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Mainstreet of America

April 17, 2011

The iconic sign of wanderlust.

Route 66 is an important part of America’s transportation history. From its beginnings in the 1920s and 30s and the exodus of the Okies to California to the late 50s and 60s tourist culture, it spans an important period in the emerging role of the automobile in American life. With the Mother Road expected to receive federal funding for preservation of those sections that have been neglected and the crumbling roadside attractions long bypassed by the interstate, the “Mainstreet of America” may be on the verge of a renewal.

For years Route 66 enthusiasts, who have traveled its length documenting the kitsch and gaudy roadside attractions and simply enjoying the legendary trip, have lobbied for various preservation measures along the route. Within the past decade many states have engaged in placing “Historic US 66” signage along the decommissioned route in order to help those seeking the old road find their way. In many cases, this is not enough. Downgraded sections of highway have slowly deteriorated under decreased funding conditions. Many of the old landmarks have crumbled or been torn down, with the remainder outside metropolitan areas falling into severely dingy states. If action isn’t taken soon, this piece of history will soon fade away into the rural landscapes it once linked.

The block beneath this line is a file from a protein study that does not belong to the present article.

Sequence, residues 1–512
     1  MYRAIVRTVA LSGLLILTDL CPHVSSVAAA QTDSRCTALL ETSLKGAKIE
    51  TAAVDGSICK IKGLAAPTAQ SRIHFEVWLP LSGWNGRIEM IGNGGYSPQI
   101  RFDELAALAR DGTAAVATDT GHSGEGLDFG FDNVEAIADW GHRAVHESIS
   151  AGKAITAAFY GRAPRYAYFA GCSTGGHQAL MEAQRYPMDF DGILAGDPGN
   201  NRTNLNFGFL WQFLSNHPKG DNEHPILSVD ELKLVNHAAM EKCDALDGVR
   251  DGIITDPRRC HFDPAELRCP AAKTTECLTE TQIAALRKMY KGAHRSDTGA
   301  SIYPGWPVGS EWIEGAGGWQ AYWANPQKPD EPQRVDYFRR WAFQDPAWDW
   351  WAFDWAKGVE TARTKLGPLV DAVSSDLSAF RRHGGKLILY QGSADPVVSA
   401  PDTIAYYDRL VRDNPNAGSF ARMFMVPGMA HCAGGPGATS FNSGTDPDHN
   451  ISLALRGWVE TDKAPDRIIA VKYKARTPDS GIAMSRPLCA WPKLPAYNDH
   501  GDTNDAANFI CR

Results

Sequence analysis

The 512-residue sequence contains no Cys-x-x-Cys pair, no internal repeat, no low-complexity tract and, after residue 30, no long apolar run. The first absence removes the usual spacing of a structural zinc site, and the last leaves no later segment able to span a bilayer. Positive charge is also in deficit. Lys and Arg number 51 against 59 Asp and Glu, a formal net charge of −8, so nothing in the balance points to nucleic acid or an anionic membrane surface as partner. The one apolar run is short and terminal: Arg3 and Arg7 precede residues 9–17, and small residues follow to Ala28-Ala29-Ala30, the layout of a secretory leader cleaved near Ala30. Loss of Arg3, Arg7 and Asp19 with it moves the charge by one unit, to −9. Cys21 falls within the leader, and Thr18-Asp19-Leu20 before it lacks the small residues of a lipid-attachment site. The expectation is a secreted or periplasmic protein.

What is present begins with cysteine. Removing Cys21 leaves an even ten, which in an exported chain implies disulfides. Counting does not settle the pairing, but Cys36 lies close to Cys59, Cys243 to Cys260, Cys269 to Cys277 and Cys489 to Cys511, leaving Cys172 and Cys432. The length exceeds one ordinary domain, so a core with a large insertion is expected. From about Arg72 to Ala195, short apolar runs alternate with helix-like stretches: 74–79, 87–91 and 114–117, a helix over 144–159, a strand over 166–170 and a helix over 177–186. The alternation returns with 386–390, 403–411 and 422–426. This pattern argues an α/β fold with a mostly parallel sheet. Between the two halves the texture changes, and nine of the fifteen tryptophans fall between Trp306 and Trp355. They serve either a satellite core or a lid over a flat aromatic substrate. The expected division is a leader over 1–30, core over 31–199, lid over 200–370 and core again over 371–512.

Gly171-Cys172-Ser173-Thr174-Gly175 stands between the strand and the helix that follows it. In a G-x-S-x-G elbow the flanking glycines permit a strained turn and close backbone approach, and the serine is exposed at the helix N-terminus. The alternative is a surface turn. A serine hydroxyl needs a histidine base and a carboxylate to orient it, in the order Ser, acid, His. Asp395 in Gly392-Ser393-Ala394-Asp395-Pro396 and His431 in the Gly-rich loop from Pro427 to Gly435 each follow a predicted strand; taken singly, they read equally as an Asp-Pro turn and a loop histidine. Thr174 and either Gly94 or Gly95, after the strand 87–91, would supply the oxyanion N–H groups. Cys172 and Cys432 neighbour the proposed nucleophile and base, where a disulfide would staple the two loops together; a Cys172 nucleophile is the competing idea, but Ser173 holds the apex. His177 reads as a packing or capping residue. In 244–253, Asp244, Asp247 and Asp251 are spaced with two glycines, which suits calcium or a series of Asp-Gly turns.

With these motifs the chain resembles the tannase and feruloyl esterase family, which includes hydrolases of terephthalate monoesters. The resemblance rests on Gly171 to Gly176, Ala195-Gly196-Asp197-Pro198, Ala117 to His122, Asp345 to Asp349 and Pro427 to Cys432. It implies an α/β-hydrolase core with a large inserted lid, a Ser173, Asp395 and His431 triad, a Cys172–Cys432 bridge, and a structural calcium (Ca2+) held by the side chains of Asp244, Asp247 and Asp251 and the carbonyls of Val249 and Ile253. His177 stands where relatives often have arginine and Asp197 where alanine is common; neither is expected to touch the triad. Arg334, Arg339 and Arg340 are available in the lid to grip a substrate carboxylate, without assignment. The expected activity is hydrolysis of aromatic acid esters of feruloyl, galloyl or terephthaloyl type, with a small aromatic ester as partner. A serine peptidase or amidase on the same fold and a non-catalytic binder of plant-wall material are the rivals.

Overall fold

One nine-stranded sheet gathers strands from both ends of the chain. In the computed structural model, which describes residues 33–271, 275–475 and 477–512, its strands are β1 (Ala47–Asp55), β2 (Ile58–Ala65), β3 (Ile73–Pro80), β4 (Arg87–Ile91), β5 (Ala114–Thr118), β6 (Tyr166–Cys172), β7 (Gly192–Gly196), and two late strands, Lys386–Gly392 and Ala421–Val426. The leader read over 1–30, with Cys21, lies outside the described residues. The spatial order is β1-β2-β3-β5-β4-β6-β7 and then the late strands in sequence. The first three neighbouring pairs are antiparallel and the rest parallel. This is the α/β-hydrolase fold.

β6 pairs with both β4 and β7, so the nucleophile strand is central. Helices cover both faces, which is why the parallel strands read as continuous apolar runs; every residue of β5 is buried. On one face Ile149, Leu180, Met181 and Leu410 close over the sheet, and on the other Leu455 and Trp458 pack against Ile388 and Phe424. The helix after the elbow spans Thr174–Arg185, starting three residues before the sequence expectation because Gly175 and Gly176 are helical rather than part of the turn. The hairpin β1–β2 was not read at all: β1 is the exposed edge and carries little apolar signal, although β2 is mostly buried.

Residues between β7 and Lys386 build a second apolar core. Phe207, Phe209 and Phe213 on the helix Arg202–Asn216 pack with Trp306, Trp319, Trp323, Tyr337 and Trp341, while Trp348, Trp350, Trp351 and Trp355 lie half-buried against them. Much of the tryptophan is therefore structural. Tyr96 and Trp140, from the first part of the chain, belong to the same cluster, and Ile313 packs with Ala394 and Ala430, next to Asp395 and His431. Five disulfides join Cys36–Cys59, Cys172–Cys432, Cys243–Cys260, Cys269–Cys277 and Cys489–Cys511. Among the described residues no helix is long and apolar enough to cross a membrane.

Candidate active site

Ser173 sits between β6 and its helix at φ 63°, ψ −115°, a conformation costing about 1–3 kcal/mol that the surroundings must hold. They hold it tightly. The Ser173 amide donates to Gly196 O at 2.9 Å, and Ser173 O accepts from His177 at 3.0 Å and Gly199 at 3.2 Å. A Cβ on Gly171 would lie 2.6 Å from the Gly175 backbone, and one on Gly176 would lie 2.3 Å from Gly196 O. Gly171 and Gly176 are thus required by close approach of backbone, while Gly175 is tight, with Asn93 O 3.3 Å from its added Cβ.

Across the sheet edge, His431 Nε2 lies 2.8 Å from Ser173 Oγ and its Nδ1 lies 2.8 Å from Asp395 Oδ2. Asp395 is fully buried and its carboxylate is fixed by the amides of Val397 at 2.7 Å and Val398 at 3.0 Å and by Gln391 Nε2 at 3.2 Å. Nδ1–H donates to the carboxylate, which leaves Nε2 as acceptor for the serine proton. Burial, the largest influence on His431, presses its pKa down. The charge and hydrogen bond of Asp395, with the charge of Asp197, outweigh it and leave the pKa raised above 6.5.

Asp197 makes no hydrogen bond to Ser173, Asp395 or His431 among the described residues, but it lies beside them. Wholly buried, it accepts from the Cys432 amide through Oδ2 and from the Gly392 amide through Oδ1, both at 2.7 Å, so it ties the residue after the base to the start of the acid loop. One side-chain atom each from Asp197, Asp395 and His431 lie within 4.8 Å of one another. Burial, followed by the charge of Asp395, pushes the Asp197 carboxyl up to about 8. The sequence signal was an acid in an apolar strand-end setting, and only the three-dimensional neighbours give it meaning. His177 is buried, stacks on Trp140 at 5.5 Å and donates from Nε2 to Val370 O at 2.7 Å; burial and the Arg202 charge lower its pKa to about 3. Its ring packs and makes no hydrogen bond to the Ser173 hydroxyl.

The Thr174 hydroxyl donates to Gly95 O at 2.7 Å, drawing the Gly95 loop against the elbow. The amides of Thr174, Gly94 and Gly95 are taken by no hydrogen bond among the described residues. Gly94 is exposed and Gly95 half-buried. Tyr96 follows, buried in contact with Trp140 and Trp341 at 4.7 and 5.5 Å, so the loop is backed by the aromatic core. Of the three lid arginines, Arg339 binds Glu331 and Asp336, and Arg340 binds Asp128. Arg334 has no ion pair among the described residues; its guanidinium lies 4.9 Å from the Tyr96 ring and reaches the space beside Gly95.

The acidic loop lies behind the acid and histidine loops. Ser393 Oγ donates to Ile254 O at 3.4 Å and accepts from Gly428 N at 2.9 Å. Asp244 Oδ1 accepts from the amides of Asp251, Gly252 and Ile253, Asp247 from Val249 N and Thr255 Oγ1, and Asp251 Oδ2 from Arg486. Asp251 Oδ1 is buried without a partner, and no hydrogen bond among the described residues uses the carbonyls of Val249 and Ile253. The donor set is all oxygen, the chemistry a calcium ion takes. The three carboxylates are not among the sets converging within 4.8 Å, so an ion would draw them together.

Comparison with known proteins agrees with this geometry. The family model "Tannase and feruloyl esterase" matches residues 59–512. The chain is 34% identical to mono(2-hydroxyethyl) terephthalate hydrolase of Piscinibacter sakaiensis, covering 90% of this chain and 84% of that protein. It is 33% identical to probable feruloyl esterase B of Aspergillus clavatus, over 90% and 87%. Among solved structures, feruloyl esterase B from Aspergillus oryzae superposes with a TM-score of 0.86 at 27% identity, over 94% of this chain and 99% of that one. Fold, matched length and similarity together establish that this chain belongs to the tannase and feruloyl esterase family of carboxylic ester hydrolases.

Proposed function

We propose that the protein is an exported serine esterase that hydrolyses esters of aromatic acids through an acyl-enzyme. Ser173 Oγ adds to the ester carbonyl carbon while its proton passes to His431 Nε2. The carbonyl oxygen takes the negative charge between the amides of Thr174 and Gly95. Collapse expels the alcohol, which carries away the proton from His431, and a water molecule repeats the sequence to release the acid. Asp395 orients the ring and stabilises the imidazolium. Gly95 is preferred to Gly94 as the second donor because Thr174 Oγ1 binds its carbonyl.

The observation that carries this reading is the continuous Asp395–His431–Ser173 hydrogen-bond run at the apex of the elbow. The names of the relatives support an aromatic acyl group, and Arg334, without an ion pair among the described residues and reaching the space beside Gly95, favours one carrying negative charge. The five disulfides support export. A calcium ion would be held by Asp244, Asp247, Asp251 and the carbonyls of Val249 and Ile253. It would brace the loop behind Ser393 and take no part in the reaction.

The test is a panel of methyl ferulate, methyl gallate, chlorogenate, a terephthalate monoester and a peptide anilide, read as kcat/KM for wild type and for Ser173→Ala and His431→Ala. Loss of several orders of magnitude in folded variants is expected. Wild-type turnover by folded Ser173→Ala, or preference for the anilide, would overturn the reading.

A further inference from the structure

There are those who say that the architectural and therefore historic preservation merit of the “kitsch” and gaudy landmarks along the route is lacking, but this ignores the contribution to the story of American architecture these buildings embody. “Kitsch” is America’s contribution to the world. The amusement park, Buster Keaton’s visual comedy, and folk art are all indelible parts of American culture. There are few examples throughout history of America doing slick European quality design very well. America has always been a gaudy place. From the thrown-together frontier towns sometimes full of gaudier displays than even those in the make-believe world of western movies to the sometimes over-the-top lifestyle centers of today, the fantastical and the idealized have always been what American artists, designers, and builders have excelled at. Even serious historical styles have their moments, from the “Painted Lady” Queen Anne homes of San Francisco to the streamliner-inspired Art Deco skyscrapers; these have all been preserved with vigor. If one is not careful, looking at the world solely through a trained designer’s eyes can lead to considering all historic buildings far too hokey to save. For the country that gave the world the idealized Main Street of Disneyland to turn its back on the just as gaudy, just as whimsical Main Street of America would be a grave mistake.

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